Dear Comrades, including those of you who once blogged with me on the books site of The Guardian – whether or not we’re still on speaking terms,
…The signs point to a victory over Goliath. . . Yes, we few, we happy band of bloggers … have won, by refusing to let that newspaper shut us up — behaving just like Tony Benn resisting the BBC’s attempt to silence him in this riveting clip @Hazlitt posted here.
The incontrovertible proof of our triumph? That the moderators on that site can no longer openly ban us.
Because they couldn’t ban for instance, me, in the last half of August, they stooped to imitating Richard Nixon’s Dirty Tricks Department – remember Watergate? — to keep me out.
Why? Because we have taught the Guardian’s managers that a banned blogger quickly becomes a cause célèbre – not least because this site, with one or two others, initiated a tradition of publishing any comments censored by the newspaper’s trigger-happy moderators. (see Salvage Operation, part 1 and part 2.)
It would have been hard for The Guardian to ban me outright. Far from attacking or abusing anyone in my only two attempts at posting there as @wordnerd7 since last winter, I wrote a comment praising a piece on the newspaper’s site.
Before I tidy all that out of sight — and to ensure that the newspaper’s editors will never be able to dismiss the incidents as paranoid and imaginary — I’m summarising the sequence of happenings in this spot. On August 22, I had an automated message informing me that a comment warmly supporting an article by Aaron Akinyemi on the books blog had been siphoned off into ‘pre-moderation’. While I waited, mystified and with misgivings, I pasted in a draft of that comment on this site. On August 26, four days after it disappeared into the bowels of the online Guardian, it reappeared heavily edited – with links to two articles on this site agreeing with Aaron’s argument lopped off. Sentences of mine were slyly inserted under the screen name ‘@wordnerd’ – and not ‘@wordnerd7’, as they should have been. At the bottom of the butchered comment, a remark addressed to ‘@nuges’ was added to my words – a remark never made by me.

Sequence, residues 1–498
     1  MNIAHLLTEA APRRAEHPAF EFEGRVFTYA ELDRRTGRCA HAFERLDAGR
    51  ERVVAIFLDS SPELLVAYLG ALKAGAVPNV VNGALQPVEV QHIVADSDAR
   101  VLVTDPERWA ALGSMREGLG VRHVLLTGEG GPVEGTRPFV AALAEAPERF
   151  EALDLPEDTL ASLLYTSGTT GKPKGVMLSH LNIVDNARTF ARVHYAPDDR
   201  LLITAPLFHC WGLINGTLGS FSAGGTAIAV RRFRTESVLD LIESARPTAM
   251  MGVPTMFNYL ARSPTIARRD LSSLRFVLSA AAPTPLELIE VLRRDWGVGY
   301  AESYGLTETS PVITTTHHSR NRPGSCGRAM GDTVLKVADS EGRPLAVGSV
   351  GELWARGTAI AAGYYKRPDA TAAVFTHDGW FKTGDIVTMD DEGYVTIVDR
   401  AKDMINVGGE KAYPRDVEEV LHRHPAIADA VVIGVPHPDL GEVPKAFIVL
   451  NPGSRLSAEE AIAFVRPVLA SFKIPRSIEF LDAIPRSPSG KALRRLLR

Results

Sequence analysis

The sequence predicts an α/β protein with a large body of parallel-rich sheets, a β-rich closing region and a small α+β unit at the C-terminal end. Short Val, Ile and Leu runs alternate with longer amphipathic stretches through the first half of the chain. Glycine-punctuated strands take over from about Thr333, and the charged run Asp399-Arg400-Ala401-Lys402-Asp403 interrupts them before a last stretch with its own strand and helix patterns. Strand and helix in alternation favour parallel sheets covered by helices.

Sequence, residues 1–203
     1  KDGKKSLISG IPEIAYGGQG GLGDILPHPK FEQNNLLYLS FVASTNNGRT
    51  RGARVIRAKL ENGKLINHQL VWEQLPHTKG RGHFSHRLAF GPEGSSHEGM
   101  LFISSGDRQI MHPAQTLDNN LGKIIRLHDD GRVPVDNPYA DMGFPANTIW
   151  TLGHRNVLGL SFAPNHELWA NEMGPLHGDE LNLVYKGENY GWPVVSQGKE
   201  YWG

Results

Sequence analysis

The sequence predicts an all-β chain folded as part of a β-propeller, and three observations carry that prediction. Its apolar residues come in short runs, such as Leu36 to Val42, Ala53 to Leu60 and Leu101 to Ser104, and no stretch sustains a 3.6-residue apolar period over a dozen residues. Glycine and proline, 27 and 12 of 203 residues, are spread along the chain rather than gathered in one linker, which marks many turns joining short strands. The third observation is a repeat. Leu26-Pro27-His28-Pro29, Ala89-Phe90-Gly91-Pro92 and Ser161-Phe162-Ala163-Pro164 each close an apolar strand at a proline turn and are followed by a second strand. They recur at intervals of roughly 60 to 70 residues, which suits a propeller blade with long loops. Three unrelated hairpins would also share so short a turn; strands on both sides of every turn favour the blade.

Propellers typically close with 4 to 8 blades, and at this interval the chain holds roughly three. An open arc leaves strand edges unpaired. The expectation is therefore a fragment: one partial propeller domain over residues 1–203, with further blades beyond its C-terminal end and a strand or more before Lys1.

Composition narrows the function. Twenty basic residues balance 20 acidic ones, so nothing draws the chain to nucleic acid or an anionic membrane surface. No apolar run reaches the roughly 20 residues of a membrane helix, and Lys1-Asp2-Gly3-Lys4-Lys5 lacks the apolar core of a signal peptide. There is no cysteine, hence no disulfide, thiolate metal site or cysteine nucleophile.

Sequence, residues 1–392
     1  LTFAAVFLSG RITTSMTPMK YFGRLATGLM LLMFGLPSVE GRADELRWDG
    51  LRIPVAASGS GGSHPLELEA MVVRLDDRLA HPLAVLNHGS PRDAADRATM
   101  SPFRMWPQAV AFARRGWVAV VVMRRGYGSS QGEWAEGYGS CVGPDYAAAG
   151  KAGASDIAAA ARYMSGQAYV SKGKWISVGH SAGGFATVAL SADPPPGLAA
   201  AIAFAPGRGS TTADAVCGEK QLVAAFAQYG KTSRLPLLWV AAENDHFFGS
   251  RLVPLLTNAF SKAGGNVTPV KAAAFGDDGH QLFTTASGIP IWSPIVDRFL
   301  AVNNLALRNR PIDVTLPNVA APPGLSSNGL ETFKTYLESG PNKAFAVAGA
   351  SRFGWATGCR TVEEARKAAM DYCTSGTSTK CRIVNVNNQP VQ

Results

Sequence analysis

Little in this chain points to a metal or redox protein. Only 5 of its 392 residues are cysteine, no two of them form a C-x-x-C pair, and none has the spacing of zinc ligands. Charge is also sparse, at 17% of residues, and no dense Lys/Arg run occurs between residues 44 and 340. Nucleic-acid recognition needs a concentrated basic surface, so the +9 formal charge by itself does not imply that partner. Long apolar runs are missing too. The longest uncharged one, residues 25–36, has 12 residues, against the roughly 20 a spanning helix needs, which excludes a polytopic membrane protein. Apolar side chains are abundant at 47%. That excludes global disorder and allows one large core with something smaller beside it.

When I saw that on August 27, I immediately wrote a new comment, protesting about the censoring, blatant distortion and additions to my original comment — asking the Guardian’s moderators for an explanation. This attempt at posting also vanished into pre-moderation, never to be seen again. I put an exact replica of that post here.
Another wait. Then, on August 28, a comment of which I never wrote a single line appeared in the Akinyemi thread under ‘@wordnerd’. The post attributed to me amounts to a simple-minded and crass statement about racial differences at the furthest extreme from my own beliefs (……………as anyone interested will discover in reading these threads: Will Barack Obama bring back heroism? and A bit more on heroes: Barack Obama’s odyssey, part 2)
Just to be perfectly clear about what must be obvious, The Guardian has never answered my question about why the first post was censored and doctored – and it prevented my enquiry from ever appearing on its site. (I have a copy of the second pre-moderation notice.)
So that’s what I mean by ‘dirty tricks’, and I’m creating this careful record of the incidents for anyone else who might encounter the same behaviour by the authorities responsible for that site.
Now this, mark you, is a newspaper that has a whole segment of its website labelled Liberty Central, advertising the image it likes to project – and can sometimes justify, in other spheres – as a friend of freedom and the oppressed.